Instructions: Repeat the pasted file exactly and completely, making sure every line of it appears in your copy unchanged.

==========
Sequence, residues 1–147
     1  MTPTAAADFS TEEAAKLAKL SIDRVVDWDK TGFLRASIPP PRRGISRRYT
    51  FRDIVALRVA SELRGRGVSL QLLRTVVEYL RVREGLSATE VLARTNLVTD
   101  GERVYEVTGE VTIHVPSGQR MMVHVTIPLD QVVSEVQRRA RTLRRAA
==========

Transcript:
Sequence, residues 1–147
     1  MTPTAAADFS TEEAAKLAKL SIDRVVDWDK TGFLRASIPP PRRGISRRYT
    51  FRDIVALRVA SELRGRGVSL QLLRTVVEYL RVREGLSATE VLARTNLVTD
   101  GERVYEVTGE VTIHVPSGQR MMVHVTIPLD QVVSEVQRRA RTLRRAA